The Guards by Ken Bruen

January 17, 2004
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The Guards
Ken Bruen

St. Martin's/Minotaur
1/17/04
Trade Paperback/304 pages
ISBN: 0-312-32027-2
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"The Guard is at first glance a little tale with an anti-hero, but proves to be much more."

". . . a gritty view of Ireland and small town life that goes beyond the obvious stereotype of the Irish drunk."

Private investigators, that staple of American literature and criminal justice, do not exist in Ireland. The Irish will not tolerate informers. That leaves only fools–-and drunks-–to look into cases the Guard have closed or ignored. To the Irish, truth is not as important as silence.

 

 

According to the official report, Sarah Henderson was found in the waters beyond Nimmo’s Pier. She committed suicide. Her mother, Ann, does not believe the official report. Sarah was a happy, industrious girl in love. Since Galway’s Guard closed the case, Ann decides to pay someone to find the truth. Who better than an ex-Guard like Jack Taylor?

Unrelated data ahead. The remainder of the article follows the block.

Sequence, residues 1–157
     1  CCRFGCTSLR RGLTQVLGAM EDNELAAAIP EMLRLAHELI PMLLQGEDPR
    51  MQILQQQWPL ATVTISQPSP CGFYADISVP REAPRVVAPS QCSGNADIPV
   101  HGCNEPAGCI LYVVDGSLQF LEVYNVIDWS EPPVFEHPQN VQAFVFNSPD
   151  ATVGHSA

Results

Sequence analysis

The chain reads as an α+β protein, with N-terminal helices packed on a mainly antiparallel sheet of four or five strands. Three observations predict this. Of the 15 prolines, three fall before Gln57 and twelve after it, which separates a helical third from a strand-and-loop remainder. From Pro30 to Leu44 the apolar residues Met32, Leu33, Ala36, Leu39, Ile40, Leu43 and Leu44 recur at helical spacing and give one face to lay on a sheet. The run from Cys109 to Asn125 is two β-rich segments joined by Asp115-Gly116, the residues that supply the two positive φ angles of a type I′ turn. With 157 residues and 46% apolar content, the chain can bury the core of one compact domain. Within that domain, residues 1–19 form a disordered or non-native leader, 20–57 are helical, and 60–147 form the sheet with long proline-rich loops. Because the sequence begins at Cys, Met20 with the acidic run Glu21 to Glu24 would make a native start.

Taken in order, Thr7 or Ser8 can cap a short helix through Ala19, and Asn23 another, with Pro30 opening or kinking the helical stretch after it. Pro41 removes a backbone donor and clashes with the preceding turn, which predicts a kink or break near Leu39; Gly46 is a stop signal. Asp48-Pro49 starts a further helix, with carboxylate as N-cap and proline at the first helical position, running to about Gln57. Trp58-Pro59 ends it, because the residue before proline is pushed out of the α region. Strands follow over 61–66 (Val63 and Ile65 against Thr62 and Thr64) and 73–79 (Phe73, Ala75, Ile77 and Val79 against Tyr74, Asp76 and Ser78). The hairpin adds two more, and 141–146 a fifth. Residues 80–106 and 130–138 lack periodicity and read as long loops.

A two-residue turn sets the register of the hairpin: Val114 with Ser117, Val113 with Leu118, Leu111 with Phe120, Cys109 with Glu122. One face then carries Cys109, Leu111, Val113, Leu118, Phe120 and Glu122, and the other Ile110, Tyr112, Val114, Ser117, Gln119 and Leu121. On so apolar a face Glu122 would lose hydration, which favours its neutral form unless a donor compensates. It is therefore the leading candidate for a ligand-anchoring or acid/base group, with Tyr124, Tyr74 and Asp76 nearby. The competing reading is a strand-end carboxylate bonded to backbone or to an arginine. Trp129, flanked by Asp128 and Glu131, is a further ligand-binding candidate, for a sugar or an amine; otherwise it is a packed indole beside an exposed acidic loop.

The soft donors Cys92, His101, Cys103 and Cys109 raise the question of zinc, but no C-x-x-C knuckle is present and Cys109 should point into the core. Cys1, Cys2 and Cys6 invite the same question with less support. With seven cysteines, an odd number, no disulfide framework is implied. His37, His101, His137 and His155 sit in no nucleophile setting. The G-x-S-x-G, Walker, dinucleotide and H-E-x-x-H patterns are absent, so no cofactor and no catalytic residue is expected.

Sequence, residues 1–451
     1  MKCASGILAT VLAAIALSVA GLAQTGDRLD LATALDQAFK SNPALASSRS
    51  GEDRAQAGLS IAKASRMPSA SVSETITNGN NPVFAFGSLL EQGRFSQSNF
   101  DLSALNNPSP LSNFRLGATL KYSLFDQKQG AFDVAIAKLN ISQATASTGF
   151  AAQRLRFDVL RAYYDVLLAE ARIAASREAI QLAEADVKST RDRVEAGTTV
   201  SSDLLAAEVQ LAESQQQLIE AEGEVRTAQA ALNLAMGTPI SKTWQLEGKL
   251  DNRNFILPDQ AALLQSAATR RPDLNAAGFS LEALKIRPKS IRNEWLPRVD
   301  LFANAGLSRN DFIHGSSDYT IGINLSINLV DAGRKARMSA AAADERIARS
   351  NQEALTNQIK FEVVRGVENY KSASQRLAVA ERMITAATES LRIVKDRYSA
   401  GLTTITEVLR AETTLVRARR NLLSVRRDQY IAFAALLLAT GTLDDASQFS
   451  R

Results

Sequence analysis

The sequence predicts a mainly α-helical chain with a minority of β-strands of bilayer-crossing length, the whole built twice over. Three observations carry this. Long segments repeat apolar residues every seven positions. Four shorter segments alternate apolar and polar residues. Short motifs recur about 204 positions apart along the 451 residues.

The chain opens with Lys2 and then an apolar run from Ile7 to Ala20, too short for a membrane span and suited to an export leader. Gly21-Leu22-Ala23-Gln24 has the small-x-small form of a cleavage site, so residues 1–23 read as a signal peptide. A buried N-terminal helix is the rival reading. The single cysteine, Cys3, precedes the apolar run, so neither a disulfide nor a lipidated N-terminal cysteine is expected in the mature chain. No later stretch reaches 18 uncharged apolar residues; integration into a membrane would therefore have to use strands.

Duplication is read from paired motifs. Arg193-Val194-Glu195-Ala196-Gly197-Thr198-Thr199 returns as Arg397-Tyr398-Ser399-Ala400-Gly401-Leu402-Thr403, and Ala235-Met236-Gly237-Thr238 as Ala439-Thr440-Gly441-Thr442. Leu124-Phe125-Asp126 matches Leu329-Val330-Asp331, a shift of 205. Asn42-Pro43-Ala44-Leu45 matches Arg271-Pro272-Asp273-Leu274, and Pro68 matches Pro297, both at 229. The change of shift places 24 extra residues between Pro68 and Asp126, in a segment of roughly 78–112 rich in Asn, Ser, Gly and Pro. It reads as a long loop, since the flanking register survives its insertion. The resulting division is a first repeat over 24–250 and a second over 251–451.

There are heroes who defy death, taxes, and danger to right all wrongs and there is Jack Taylor who defies sobriety and common sense. Jack Taylor is a public disgrace, a drunk who thinks no further than his next drink, and he does not care.

 

Ann persuades Jack to clear Sarah’s name. In return for Ann’s money, Jack allows Ann to clean him up-–for a while. In the meantime, Jack and drinking buddy and sometime artist Sean, stumble through Galway leaving a trail of death, destruction, and mayhem in their wakes. Jack and Sean uncover the truth about Sarah’s death only to find themselves at odds.

 

The Guards is at first glance a little tale with an anti-hero, but proves to be much more. The characters are real people who lurch through their lives only to stumble over themselves and the truth that defines their lives. Ken Bruen provides a gritty view of Ireland and small town life that goes beyond the obvious stereotype of the Irish drunk. Bruen’s short, disjointed chapters mimic the view from bloodshot eyes, creating a moment of harsh reality for characters and readers alike.

Reviewer: J. M. Cornwell

 

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